Parking meter buys time for on-street art exhibit

What ever happened to sitting on the porch?

That’s what Maria Evans would like to know. She longs for that place where folks can kick back, sip something refreshing, connect with friends and neighbors to tell stories and maybe make a little music.

Evans, who is artistic director at the Art Council of Princeton, hopes Princeton’s new parklet, sited in from of Small World Coffee on Witherspoon Street, will become such a place. To emphasize the porch theme, she has created a silhouette of a rocker that hangs in a frame from the street side of the parklet.

Taking up two precious parking spots, the parklet is built on a platform that can be disassembled and stored when the weather grows cold. One end is enclosed in an open-air structure, and the other end, built on a sort of raised bed of crushed stone framed by logs, contains two carved “couches” made from felled elm trees. Succulents reach for the sun from hollowed-out sycamore logs. There are stumps that can be used as occasional tables or stools – and maybe stump speeches in fall. Benches made of cedar provide room for many.

So what about that lost parking revenue?

There’s a sign on the meter: “If you enjoy public art, fund the meters.”

And on a recent morning, public art supporters were doing just that. “The energy is contagious,” says Evans, who is thinking about building a Venus flytrap covering for the meter. Feed me, feed me!

Someone stops by. “Do the cops know about it?” he asks. “They say they love it but they don’t know what it is.”

“We need to get it on their radar,” says Evans.

That shouldn’t be a problem, since the parklet was conceived by Princeton Mayor Liz Lempert, after an experimental one-day popup parklet last summer. This year, the Arts Council and Small World were recruited as project partners. The township paid for the materials to build the structure, and Township Planner Lee Solow organized the public works department to create the platforms, in 8-foot sections that can be unbolted. The design, by architect Kirsten Thoft, was built by George Akers of Material Design + Build – his credits include Nomad Pizza and Small World Coffee.

Peter Soderman, one of the organizers behind Writers Block and Quark Park – two themed parks on Paul Robeson Place in the mid 2000s – coordinated architectural elements, including the elm wood couches designed and built over the Memorial Day weekend by Greg Napolitan of Frenchtown.

Funding for plants came from Stuart Country Day School, where Evans teaches a site-specific sculpture class and enlisted her students to help in building the project. “Everything was a labor of love,” says Evans, adding that Kopps Cycle will be installing a bike rack.

Budget? What budget — Evans says there is none. “We may start a Kickstarter campaign.”

Parklets, like bike lanes and farmers markets, are among the newest tools of urban planners to get people out on the streets. And while there may be lost revenue from parking meters, people lingering on streets will spend more money in local retail establishments, the thinking goes. The Princeton Merchants Association was notified of the project. Even in big cities like San Francisco, Seattle and Philadelphia, parklets are usually made up of two parking spots.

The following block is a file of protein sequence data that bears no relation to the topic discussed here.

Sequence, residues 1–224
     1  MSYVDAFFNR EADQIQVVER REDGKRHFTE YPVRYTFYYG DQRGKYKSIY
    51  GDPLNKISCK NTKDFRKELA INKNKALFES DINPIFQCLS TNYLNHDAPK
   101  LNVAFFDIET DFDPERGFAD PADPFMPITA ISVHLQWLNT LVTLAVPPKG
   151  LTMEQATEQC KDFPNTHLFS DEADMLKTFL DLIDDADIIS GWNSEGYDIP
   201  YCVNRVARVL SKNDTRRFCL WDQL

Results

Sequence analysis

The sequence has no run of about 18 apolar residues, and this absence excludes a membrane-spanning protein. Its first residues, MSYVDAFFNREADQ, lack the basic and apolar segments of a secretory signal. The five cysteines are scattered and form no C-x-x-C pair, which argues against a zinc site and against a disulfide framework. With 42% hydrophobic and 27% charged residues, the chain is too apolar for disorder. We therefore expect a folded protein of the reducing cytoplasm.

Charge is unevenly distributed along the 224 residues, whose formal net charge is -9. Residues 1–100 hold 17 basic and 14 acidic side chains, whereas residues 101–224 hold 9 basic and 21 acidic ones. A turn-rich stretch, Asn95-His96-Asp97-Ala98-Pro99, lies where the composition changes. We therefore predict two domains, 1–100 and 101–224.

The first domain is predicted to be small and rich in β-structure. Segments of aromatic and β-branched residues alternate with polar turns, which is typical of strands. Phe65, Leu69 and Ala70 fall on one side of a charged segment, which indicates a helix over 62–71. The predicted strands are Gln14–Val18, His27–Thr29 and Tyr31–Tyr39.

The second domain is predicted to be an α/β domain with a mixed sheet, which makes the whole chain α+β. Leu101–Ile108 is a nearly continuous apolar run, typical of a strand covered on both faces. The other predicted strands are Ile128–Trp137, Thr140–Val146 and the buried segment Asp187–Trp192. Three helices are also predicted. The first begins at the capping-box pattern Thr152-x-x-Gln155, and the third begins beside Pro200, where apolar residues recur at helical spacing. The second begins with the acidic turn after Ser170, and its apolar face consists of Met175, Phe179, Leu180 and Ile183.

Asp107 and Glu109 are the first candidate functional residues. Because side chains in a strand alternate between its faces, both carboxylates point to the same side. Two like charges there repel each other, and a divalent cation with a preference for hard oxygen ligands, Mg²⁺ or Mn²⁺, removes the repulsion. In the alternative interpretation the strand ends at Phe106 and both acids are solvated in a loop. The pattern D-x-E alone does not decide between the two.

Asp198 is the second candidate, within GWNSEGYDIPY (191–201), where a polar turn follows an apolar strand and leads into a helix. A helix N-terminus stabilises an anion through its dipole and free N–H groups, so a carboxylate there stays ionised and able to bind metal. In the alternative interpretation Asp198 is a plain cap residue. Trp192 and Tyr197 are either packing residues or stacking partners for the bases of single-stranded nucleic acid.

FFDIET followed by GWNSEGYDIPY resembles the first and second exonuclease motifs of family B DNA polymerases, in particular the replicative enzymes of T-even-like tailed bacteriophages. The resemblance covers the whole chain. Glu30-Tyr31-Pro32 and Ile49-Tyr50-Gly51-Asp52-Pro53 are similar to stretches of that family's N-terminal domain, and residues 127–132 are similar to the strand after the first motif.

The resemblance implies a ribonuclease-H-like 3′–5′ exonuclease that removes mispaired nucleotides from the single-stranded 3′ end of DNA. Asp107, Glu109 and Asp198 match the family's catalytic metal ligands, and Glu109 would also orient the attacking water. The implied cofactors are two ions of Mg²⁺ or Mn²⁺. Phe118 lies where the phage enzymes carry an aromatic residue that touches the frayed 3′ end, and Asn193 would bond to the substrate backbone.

“This one is a prototype,” says Evans. “We’ll see what works, and if it’s well received we hope to have two or three throughout the community. We hope artists will want to exhibit here, and they may even design their own parklets.”

Last winter, when Arts Council Executive Director Jeff Nathanson got the request from Mayor Lempert, he went to Evans and said “Make this work.” Evans invited Small World’s Jessica Durrie, George Akers and Peter Soderman to dinner and their enthusiasm fed each other’s. “Peter knows about building public art projects from his experiences with Writers Block and Quark Park,” Evans said. “So we drew up the plans thinking about re-creating the porch mentality, where people can come in, relax, take a load off.”

“It makes the street more convivial,” says Durrie, whose customers come out to enjoy their beverages en plein air. “I know parking is a big issue, but we’re OK with it. There are gathering spots at the fountain in front of Mediterra and Hinds Plaza in front of the library, but we also need pockets of surprise. The town still mourns the loss of Writers Block and Quark Park, and they’re hungry for spaces where people can chill out and talk to each other.”

“When you create public art, people will flock to it,” says Solow.

The location was selected because “it’s the hippest place in town,” says Evans. “Everyone loves coming here – it’s their regular place to start the day. In the future we’ll open it to other merchants.”

Programming for the parklet is still under development — Soderman envisions Shakespeare in the Parklet.

“We’re doing the opposite of the Joni Mitchell song,” says Soderman. “We’re unpaving a parking lot and putting up paradise.”

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The Artful Blogger is written by Ilene Dube and offers a look inside the art world of the greater Princeton area. Ilene Dube is an award-winning arts writer and editor, as well as an artist, curator and activist for the arts.

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